“China Speed” speeds up China’s economic growth as infrastructure is not only the prerequisite, but also the catalyst for economic development.

BRI – a platform for international cooperation

China’s Belt and Road Initiative (BRI) is the biggest infrastructure built out in the history of mankind. It is a mammoth transcontinental development project that aims to build connectivity across the Eurasian landmass based on the principles of mutual consultation, joint contribution and shared benefits.

“China will actively promote international cooperation through the Belt and Road Initiative. In doing so, we hope to achieve policy, infrastructure, trade, financial, and people-to-people connectivity and thus build a new platform for international co-operation to create new drivers of shared development,” said President Xi Jinping at the 19th CPC National Congress.

Sound infrastructures are the prerequisite for economic development. According to ADB’s estimate, Asia alone requires $26 trillion of infrastructure investment from 2016 to 2030 in order to maintain its growth momentum, eradicate poverty and respond to climate change. China is well positioned to contribute to the global infrastructure investment needs in view of its technology and expertise in building infrastructure projects, coupled with its huge pool of foreign reserves.

An aerial photo of an automatic container dock in Qingdao, Shandong province. (Photo/Xinhua)

To deepen its reform, China must move up the global value chain, migrate its low technology industries and alleviate its excess industrial capacities by opening-up new markets. BRI connects China’s landlocked northwest provinces to the world with overland highways and railways. It opens a safe passageway to the Indian Ocean through the China-Pakistan Economic Corridor.

BRI is thus a win-win transnational development project benefiting China and the partner countries.

However, in the eyes of Washington, BRI is China’s grand strategy to project its global influence and a challenge to America’s world supremacy. Washington accused China of coercive economic diplomacy by indiscriminate lending to developing countries with poor repayment ability, eventually seizing the strategic assets of the recipients when they failed to repay the loans – a scheme propagated by the West as “debt trap”.

China is developing through interaction with the world

China is a member of the global village. It is developing through interactions with the world.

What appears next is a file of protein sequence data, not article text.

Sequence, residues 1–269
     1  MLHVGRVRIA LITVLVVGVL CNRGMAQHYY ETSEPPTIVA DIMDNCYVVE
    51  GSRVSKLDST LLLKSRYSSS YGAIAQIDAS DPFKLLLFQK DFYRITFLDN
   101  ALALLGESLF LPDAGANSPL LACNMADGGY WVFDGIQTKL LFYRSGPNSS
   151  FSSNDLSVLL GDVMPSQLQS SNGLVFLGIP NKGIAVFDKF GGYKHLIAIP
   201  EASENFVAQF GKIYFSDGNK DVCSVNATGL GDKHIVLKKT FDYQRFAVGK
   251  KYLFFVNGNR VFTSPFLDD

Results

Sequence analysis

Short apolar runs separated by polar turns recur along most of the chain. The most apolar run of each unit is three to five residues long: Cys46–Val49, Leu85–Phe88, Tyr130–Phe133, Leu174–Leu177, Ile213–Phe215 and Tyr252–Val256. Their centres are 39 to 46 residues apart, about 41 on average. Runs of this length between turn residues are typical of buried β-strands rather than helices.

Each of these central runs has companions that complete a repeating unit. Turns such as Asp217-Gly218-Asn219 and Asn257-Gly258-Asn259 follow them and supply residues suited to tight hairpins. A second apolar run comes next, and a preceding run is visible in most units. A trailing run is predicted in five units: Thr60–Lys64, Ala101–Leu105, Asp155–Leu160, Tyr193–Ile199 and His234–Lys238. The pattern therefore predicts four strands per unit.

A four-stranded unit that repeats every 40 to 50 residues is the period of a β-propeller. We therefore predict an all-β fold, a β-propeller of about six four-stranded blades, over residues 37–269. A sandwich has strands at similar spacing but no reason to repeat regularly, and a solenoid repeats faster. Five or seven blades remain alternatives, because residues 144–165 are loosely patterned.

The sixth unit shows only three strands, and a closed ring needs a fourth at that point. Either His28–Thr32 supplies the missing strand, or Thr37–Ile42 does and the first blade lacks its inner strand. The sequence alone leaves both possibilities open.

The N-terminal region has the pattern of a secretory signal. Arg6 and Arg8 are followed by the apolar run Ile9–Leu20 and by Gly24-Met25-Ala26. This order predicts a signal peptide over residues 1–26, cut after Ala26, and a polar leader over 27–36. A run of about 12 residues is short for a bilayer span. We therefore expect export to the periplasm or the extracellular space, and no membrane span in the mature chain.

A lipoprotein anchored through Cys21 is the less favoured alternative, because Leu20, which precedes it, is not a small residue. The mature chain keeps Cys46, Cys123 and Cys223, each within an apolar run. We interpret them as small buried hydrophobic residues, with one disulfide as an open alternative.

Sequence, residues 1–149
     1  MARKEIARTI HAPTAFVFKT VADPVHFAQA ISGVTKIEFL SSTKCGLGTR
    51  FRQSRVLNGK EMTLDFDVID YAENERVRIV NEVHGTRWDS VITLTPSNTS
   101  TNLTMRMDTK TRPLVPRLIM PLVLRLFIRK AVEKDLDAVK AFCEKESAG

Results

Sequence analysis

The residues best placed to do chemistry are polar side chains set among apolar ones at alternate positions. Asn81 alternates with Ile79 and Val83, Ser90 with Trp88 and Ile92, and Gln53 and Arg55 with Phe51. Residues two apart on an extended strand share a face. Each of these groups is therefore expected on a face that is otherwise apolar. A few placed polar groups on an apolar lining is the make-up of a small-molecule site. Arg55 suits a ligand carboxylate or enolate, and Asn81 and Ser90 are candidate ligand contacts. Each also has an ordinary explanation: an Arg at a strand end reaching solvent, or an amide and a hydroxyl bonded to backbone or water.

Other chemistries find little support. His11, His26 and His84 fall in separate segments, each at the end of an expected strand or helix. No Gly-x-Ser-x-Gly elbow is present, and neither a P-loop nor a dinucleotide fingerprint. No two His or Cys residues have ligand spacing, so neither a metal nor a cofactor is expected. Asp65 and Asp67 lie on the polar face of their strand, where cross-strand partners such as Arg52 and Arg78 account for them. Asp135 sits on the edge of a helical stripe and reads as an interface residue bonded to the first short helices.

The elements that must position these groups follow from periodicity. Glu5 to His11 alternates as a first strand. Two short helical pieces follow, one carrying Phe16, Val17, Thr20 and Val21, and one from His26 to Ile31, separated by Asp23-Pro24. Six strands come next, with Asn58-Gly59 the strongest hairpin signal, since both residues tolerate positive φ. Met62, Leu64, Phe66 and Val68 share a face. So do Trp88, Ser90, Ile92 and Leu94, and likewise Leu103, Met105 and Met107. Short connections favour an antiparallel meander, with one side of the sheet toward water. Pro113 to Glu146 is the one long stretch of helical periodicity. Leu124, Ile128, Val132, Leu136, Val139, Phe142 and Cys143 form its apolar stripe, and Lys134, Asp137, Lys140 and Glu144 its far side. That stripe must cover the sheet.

“China has been seeking development with its door open. China has embraced the world, learned from the world, and contributed to the world, through positive interaction and shared development.” China sums up its relationship with the world in “ China and the World in the New Era”, a White Paper commemorating the 70th Anniversary of the founding of the People’s Republic of China.

China promotes interconnected development and benefits from the existing international order. It advocates free trade and multilateralism.

When China started its reform and opening-up to the world, the West cast a mould, expecting China to grow accordingly. However, China took a path not traversed by others – a mixed economy under the centralized authoritarian system, or as CPC puts it, Socialism with Chinese Characteristics. It is a system rooted in thousands of years of its history and civilization, a development model that suits China and produces an economic miracle never seen in human history.

The Belt and Road Initiative is China’s mega initiative for globalization aiming at win-win outcome. It is China’s offer of public goods to the world as an emerging economic superpower, a manifestation of its age-old philosophy, “When you are rich, share your wealth with the world (达则兼济天下).”

China is now the second largest economy and top trading nation in the world, contributing about 30 percent to global growth. Inevitably, the international order should reflect the new economic dynamics of the 21st century.

While China’s economic achievements offer valuable lessons to the world, it has no messianic aspirations. As President Xi Jinping has categorically said, “We will not import other countries’ models, and will not export the China model.”

China’s growth is being realized within the existing international order. China has no reason to sabotage it nor the intention to supplant America’s global preeminence.

China’s rise is no threat to the liberal international order!



The opinions expressed in this article are the author’s own and do not reflect the views of China Focus.